I'll lay down as many parts as I feel comfortable that day. I multi - score it out in Logic, and edit/cut/paste/replay sections - until it feels cohesive. Most often I do editing from the 16 part score, cutting pasting, rewriting riffs etc. To see all the parts at once is a godsend. I don't know why I waited so late in my life to come to this process.

I shut everything off, and listen to it the next day. I will erase/mute/alter parts until it feels better. One thing I have learned, is when I'm in a bad mood, it is not a day to edit or review music. When I'm emotional I become very critical of myself. Better to wait till a day you're more neutral.

Sometimes in the editing stage, some of the passion has gone out of it. Now you're just looking to fix problems, or awkward spots.

With the computer you don't have to throw anything away. Just save a copy and move on. I work until it feels done, or I am just OVER it. Occassionally I can go back and rescue a piece. Sometimes I make changes, and then go back to the original idea a week later.

But I feel each song, is an explorational journey for me, with the melody, chords, harmony. I'm constantly making little discoveries. As I add new parts, I delete others. Often I'll realize I have two instruments playing what could easily be condensed into one part. For now, I'm sticking with 16 tracks, it's more than enough for my needs.

Over the course of a piece, I might reject 5 - 85% of it. And once in a great while, when I get really fed-up. I DELETE the whole project.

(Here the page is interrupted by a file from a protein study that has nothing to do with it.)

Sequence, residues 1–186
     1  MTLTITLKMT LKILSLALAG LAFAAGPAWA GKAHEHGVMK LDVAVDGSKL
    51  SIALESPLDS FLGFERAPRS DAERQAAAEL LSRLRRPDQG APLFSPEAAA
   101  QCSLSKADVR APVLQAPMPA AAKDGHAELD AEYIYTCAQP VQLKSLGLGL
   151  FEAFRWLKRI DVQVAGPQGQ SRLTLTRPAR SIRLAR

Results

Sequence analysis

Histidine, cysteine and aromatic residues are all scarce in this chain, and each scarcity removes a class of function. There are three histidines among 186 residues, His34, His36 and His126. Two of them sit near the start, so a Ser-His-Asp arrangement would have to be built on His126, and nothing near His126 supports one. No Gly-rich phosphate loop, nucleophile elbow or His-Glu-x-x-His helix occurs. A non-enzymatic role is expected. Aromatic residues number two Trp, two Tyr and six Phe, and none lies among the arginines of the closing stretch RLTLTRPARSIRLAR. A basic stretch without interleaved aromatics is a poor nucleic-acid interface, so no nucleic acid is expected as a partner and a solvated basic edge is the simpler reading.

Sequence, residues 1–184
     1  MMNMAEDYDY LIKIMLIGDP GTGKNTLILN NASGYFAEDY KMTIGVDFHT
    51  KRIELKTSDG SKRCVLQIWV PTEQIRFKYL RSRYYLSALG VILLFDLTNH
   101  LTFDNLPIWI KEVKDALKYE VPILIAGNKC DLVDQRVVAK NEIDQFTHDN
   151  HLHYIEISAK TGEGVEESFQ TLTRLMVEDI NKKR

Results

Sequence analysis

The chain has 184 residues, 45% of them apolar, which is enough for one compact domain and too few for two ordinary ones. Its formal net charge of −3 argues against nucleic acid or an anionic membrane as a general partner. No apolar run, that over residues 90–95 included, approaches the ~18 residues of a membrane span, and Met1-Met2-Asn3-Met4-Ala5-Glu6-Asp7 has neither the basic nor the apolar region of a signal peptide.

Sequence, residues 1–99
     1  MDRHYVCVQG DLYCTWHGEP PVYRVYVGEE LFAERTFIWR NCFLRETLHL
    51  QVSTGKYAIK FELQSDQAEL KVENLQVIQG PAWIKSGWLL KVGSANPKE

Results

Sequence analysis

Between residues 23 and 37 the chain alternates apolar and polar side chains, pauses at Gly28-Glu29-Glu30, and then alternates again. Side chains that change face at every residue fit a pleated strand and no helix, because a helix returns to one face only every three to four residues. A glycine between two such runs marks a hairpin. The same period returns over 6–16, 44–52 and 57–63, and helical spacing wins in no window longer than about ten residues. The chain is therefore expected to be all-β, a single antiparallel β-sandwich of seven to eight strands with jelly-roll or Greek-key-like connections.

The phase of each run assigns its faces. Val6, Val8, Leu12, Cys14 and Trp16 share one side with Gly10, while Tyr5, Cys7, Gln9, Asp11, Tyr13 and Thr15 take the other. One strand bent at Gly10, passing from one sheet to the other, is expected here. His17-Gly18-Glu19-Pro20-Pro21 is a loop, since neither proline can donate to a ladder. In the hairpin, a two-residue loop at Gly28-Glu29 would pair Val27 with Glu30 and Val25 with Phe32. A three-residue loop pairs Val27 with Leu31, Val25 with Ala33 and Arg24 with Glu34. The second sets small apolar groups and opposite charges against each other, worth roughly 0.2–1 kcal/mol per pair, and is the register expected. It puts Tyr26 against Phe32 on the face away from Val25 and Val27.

Paul McCartney when being interviewed about the the song "Yesterday'" ending his dialogue, with 'hey, but it's only a song'.

I record directly into

I liked what you said about, you wait until you are in a neutral mode before you edit your pieces. That is a great thing to do. Sometimes I edit my work out of a fit of anger, and I end up making it worse. (Yes, I get angry easily, but don't worry, if you ever talk to me, you will think I am the nicest person ever. Lol yea, very bipolar)

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Odd - I wonder why there would be a set ''method'' for composing. As for me, I tend to go at it in a more-or-less linear fashion (that is, from measure 1 and on), but whether much use of the piano or instruments are involved depends on my mood more than anything else.

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I improvise a lot (as in, I could literally improvise all day long, and it would be a huge range of styles and ideas...but man would I be tired....)

This just lets me come up with ideas like crazy, the problem I have is choosing the best ones, refining them, and not getting distracted with other pieces :P. I've finally gotten over that last barrier....but my works now still have a lot of variation in them. Which is good to some degree, I guess

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I typically write out a theme, edit it loads, harmonize it, come up with a couple/few interesting counter melodies, then swipe over it a bunch of mini motifs that will make it obscure - then I write. Either that or I don't do that and just willy-nilly write out whatever comes to my head and leave it at that. It changes depending on my mood and station.

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I generally start with a simple idea or concept then I work out, mentally, various means at which I can utilize that idea or concept. Once I have an idea, which is generally by this point a few measures, I'll give it a serious listening and will tinker with it several times to get that right texture that matches my idea or concept. After listening to the idea, I'll generally work out a structure in my head that I feel will aide in me working with the idea. The form of the piece generally comes after for me. The idea or concept definitely aides in generating the form itself. After I have the form, the rest is pretty much smooth sailing. I put a lot of thought into it as I write AND I listen constantly (either rendering or me plucking on a piano or viola).